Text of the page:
I just read The Black Cat, and I’m looknig forward to reading through some of the others.

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John Sifferman January 26, 2011 at 6:43 pm

I found a sweet vintage book of all of Poe’s works at a yard sale years ago – black leather cover and everything. Between that and a few literature classes in college, I’ve probably read about half of his short stories. The Cask of Amontillado is definitely my favorite, but the Tell-Tale Heart is a close second.

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Jeanette Swalberg January 26, 2011 at 10:45 pm

I grew up in a home with a LOT of books, some of which I never read, sadly. On summer afternoons–definitely in the daylight–we would read from a Poe anthology and scare each others silly. The one I remember most was The Mask of the Red Death. I was probably in 5th or 6th grade at the time and probably didn’t even know what half of the words meant, and those stories were still scary. Oh yeah, we also played Authors a lot.

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John Sifferman January 28, 2011 at 10:16 am

Yep, that was a good one, too :-)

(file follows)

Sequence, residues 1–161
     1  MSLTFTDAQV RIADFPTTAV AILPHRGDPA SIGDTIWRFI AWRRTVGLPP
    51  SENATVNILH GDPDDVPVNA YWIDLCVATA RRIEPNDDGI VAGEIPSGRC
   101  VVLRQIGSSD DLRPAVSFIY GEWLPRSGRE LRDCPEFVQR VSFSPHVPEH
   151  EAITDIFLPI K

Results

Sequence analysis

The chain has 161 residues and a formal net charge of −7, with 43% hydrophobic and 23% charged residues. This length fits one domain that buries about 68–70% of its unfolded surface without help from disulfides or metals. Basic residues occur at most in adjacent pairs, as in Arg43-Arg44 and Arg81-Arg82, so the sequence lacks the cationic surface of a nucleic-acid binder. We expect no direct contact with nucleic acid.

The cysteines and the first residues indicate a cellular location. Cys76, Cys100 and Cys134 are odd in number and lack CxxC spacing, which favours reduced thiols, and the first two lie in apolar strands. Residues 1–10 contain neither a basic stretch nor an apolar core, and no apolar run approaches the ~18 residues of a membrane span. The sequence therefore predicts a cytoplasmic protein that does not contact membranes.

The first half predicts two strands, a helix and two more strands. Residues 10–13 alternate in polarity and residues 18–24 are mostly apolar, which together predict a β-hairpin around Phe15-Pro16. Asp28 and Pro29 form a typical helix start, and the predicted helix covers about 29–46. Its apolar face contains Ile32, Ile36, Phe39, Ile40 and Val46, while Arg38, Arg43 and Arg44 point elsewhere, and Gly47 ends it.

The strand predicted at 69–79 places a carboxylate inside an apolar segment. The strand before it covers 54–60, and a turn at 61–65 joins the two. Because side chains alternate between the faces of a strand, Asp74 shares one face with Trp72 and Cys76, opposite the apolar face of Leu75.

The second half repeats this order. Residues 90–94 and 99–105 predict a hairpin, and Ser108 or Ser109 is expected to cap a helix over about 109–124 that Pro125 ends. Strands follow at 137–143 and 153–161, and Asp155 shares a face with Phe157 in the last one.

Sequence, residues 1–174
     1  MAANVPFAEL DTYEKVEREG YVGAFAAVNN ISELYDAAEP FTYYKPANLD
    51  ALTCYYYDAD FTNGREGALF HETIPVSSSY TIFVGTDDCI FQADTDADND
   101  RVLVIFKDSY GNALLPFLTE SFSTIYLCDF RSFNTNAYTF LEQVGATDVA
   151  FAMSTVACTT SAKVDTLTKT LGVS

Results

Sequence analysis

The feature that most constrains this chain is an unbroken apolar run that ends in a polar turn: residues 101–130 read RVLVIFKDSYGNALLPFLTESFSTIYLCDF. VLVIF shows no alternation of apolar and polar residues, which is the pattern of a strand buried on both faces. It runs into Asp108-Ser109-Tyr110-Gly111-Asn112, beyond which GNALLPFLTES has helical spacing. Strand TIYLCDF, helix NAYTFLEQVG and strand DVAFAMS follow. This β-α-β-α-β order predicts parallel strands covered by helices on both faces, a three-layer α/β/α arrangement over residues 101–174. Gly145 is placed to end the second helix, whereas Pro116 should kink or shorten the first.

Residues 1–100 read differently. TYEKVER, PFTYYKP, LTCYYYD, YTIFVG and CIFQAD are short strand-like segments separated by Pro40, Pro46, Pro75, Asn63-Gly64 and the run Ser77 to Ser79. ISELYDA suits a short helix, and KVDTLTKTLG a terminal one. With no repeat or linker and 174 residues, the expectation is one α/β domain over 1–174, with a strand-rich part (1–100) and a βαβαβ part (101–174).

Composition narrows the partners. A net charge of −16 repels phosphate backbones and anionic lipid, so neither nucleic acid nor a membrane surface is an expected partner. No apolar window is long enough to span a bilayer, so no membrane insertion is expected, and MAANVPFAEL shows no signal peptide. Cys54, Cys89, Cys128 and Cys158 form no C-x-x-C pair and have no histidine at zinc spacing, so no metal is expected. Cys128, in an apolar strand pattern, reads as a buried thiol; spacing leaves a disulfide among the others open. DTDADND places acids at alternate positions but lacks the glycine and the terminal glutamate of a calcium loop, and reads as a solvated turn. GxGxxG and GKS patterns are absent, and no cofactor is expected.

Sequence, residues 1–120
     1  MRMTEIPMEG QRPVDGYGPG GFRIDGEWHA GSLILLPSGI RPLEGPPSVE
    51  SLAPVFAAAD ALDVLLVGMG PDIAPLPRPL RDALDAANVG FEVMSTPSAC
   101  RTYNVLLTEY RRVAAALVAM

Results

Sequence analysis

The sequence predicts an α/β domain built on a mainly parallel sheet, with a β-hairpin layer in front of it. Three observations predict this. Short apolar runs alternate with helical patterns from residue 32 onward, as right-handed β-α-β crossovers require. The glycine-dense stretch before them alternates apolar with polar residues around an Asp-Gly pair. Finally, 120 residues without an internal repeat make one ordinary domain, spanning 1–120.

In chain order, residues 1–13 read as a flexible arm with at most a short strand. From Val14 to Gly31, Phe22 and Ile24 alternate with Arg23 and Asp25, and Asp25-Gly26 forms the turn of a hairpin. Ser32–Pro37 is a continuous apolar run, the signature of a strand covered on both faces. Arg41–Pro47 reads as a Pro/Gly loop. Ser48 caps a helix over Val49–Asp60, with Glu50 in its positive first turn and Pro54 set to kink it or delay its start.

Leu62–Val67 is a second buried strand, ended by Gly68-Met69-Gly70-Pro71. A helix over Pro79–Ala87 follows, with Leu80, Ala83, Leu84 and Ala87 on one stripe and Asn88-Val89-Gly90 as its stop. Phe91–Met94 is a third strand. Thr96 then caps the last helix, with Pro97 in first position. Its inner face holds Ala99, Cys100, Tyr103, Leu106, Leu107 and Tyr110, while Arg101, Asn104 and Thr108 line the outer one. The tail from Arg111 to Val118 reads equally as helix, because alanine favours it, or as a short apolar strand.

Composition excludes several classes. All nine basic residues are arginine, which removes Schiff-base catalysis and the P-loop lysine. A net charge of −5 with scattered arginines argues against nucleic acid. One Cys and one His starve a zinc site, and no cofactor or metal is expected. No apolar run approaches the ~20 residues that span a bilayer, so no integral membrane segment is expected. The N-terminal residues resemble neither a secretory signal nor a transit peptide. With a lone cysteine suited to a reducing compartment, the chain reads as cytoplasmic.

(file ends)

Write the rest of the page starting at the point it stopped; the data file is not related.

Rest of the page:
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Michelle January 27, 2011 at 7:53 am

Here’s another vote for The Tell-Tale Heart. I saw it performed as a play once, which made it even creepier. I guess I like stories where you see the storyteller go insane (the character that is, not the author necessarily).

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Gustavo January 27, 2011 at 9:37 am

I am a big fan of Allan Poe; he’s on my list of 5 favorite short story writers of all time (consider that English is not my native language). He’s up there with Borges, Chejov , Carver and Cortázar.
From your list above, I vote for “The Black Cat”, but I would enthusiastically have given my vote for “The System of Doctor Tarr and Professor Fether”. I read it when I was very young and I still remember my head blowing of when I discovered that the doctors were supplanted by the patients.

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Justin Matthews January 27, 2011 at 10:18 am

Just to weigh in with some others, The Tell tale heart gave me nightmares for weeks, and the Cask of Amontillado did as well. I was in a short “cask” play in drama in 8th grade and it creeped me out to read about a guy being buried alive, walled up. “For the love of God, montressor(sp)” has never left me…

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ami January 28, 2011 at 6:48 pm

It has been so long since I’ve read Poe that I mostly retain emotional reactions, rather than specific memories. However, I do remember Mask of the Red Death – very creepy (and kind of modern feeling as a result)

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Courtney February 4, 2011 at 12:15 pm

When I was in third grade, I read E.A. Poe’s story “The Gold Bug”. It kicked off a lifelong interest in cryptography.